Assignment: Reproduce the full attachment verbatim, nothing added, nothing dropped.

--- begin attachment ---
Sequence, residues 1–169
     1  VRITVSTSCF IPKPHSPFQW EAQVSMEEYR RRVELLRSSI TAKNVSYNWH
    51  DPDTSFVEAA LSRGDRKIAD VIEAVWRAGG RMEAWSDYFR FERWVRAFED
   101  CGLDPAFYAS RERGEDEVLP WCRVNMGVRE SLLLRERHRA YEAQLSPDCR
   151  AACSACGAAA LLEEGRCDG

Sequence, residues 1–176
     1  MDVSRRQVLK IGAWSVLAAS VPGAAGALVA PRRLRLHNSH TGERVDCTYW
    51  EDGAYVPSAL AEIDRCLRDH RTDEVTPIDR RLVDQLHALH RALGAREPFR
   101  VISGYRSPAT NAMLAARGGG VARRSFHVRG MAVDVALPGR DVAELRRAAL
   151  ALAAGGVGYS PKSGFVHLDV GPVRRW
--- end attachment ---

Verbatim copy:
Sequence, residues 1–169
     1  VRITVSTSCF IPKPHSPFQW EAQVSMEEYR RRVELLRSSI TAKNVSYNWH
    51  DPDTSFVEAA LSRGDRKIAD VIEAVWRAGG RMEAWSDYFR FERWVRAFED
   101  CGLDPAFYAS RERGEDEVLP WCRVNMGVRE SLLLRERHRA YEAQLSPDCR
   151  AACSACGAAA LLEEGRCDG

Sequence, residues 1–176
     1  MDVSRRQVLK IGAWSVLAAS VPGAAGALVA PRRLRLHNSH TGERVDCTYW
    51  EDGAYVPSAL AEIDRCLRDH RTDEVTPIDR RLVDQLHALH RALGAREPFR
   101  VISGYRSPAT NAMLAARGGG VARRSFHVRG MAVDVALPGR DVAELRRAAL
   151  ALAAGGVGYS PKSGFVHLDV GPVRRW